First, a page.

Ogden City Council pushing idea to spend $1M on water conservation program
This 2012 photo shows the xeriscaped front yard of Ogden resident Maria Krzecka's home on 26th Street, just east of Harrison Boulevard. Krzecka said she chose vegetation that thrives in dry climates.
USGS hydrologist Adam Birken prepares to measure streamflow on the South Fork of the Ogden River near Hunstville in 2021.
OGDEN — Members of the Ogden City Council say it’s time to get serious about the ongoing drought — and the body wants to contribute some significant funding to help deal with it.
During a Tuesday work session, the council discussed allocating money to some type of beefed up water conservation program, the details of which would be hashed out later. The discussion was sparked by an ongoing and worsening drought impacting the entire state of Utah.
According to the National Integrated Drought Information System, 100% of Weber County is in a “severe drought,” the third most significant drought classification under the NIDIS monitoring system. NIDIS says 65% of the county is in the “extreme drought” phase, the second most significant classification. According to the NIDIS, all of the following can be present during an extreme drought: pasture and water is inadequate for cattle, air quality is poor, dust is a problem, natural vegetation is stressed and fire danger increases.
Pineview Water Systems General Manager Ben Quick recently told the Standard-Examiner that due to an exceptionally dry 2020 summer and with 2021 spring runoff currently at 17% of average, PWS’s portion of the Pineview Reservoir does not have enough water to meet normal irrigation needs for the remainder of the season. PWS shares water in the reservoir with the Weber Basin Water Conservancy District. Quick has urged PWS customers to limit irrigation, warning that the secondary water could be cut off this year weeks earlier than it has been before.
Ogden City has issued a “declaration of moderate water shortage,” which is effective through Oct. 15, or until further notice. The city says Ogden’s primary water source, Pineview Reservoir, has only filled to 56% of capacity. Subsequently, provisions of Ogden’s Water Shortage Management Plan are in force, which means all outdoor watering is prohibited between 10 a.m. and 6 p.m. The city says violating that order could result in fines of $50 for the first violation, going up from there after repeated infractions.
The declaration says that all residential water customers of the city are encouraged to reduce their water use by at least 5%, and commercial water customers are encouraged to reduce their water use by at least 15%. The city encourages residents to maintain and properly adjust their irrigation systems to avoid wasting water and to adjust watering times based on weather.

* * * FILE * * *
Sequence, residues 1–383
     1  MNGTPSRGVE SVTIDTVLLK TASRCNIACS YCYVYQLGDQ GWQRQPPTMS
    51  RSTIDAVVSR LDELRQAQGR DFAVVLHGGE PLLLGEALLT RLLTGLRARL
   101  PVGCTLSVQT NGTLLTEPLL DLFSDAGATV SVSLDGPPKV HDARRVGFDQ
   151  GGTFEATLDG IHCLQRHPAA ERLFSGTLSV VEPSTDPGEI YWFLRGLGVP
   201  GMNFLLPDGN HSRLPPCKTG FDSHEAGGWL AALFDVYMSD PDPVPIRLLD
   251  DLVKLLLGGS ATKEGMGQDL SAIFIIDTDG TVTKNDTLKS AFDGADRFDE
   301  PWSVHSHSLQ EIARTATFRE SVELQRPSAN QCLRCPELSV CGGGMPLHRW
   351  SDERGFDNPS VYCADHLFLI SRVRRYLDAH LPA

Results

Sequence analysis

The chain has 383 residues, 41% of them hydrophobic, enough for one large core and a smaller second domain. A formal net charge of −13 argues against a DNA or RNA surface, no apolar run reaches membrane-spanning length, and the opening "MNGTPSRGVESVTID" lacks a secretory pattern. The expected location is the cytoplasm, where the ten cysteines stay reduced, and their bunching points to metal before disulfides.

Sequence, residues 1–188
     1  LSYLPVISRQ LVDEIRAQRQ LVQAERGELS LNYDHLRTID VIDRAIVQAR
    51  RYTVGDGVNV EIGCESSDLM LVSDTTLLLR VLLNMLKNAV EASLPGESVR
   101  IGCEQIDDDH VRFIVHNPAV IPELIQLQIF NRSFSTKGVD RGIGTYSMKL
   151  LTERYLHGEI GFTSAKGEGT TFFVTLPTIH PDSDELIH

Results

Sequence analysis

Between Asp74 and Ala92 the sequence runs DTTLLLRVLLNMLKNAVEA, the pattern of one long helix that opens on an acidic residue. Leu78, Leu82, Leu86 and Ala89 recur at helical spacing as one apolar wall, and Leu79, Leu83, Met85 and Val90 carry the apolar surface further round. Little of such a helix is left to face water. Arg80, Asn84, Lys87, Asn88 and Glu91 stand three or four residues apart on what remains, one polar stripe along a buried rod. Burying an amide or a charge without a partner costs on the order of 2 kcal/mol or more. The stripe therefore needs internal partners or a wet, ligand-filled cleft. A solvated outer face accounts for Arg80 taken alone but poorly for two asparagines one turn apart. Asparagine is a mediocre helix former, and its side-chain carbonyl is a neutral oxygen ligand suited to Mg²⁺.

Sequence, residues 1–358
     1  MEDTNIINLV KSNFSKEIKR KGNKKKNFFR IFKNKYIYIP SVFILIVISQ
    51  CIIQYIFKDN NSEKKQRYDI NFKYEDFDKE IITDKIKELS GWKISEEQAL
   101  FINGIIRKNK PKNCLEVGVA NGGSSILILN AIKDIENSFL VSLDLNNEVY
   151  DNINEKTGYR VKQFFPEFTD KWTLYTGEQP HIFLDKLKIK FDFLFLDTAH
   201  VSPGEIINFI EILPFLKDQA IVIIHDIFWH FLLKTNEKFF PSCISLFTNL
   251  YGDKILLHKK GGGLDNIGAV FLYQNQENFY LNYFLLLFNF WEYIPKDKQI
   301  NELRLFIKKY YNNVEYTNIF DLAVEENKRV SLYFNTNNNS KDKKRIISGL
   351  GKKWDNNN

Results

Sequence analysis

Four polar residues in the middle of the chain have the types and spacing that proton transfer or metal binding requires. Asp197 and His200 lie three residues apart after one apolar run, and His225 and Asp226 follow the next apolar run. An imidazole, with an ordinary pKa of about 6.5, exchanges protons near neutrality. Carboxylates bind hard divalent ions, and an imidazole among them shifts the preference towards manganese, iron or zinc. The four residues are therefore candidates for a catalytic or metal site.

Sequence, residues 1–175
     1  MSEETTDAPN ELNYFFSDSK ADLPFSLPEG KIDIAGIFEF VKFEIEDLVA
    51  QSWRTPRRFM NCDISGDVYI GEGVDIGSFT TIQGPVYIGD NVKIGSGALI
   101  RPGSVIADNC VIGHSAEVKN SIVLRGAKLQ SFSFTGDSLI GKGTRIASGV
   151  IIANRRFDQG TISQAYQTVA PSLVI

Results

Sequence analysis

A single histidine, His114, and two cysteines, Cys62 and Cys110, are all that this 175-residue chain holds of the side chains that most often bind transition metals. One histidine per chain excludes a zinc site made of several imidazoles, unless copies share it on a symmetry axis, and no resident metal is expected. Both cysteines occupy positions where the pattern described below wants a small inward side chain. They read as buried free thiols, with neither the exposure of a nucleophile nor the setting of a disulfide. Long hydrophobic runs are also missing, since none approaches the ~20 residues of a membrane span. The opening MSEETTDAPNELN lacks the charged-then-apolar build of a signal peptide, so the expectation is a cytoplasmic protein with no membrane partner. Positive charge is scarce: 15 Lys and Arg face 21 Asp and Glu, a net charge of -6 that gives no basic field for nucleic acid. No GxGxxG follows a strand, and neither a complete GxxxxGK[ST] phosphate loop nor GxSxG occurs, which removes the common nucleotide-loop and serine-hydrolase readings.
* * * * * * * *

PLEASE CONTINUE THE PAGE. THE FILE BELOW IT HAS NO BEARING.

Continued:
Utah Gov. Spencer Cox has issued several emergency drought declarations and instituted a host of water restrictions since March.
“I think that with the news we’ve heard, about the levels of the reservoirs, the amount of runoff we didn’t get, the heat, all the things that are lining up to be maybe the perfect storm,” said Ogden Council member Rich Hyer. “I think people’s attention to this is raised and I think we all know that we can’t continue to live like we live in a wet climate with all the grass we have and all the things that are not compatible with doubling our population in a couple decades.”
So Council member Luis Lopez, who largely spearheaded the water conversation Tuesday night, wants the city to designate $1 million for a water conservation program. Lopez suggested the money could be pulled from a surplus of more than $4 million that the city has been working to spend for the past several weeks.
During last year’s budgeting process, the city programmed a 17% reduction in sales tax revenue from the prior year — a figure that was recommended by the Utah League of Cities and Towns and some other third-party financial experts amid the early stages of the COVID-19 pandemic. The city was also expecting a decrease in licensing and permit revenue, but the losses never happened, so in short, the city took in more money than anticipated and state law requires at least some of it be spent.
The council kicked around several ideas for the water conservation program, including bringing in local experts to help them shape it. Lopez suggested a “50/50” program through which the city contributes 50% of the cost for residents to xeriscape their yards. Xeriscaping involves landscaping a particular area so that little or no irrigation water is needed for vegetation to thrive.
“How does that happen? We don’t know, but we need to talk about it,” Lopez said. “But the allocation of that funding, to us that’s what’s kind of at stake right now and what’s important.”
Council Executive Director Janene Eller-Smith said it could be difficult to spend $1 million on a water conservation program in one year, adding “maybe it’s a million over two or three years.”
“The amount in my mind is somewhat nebulous,” Hyer said. “I don’t know what the right amount is either, but you have to start some place.”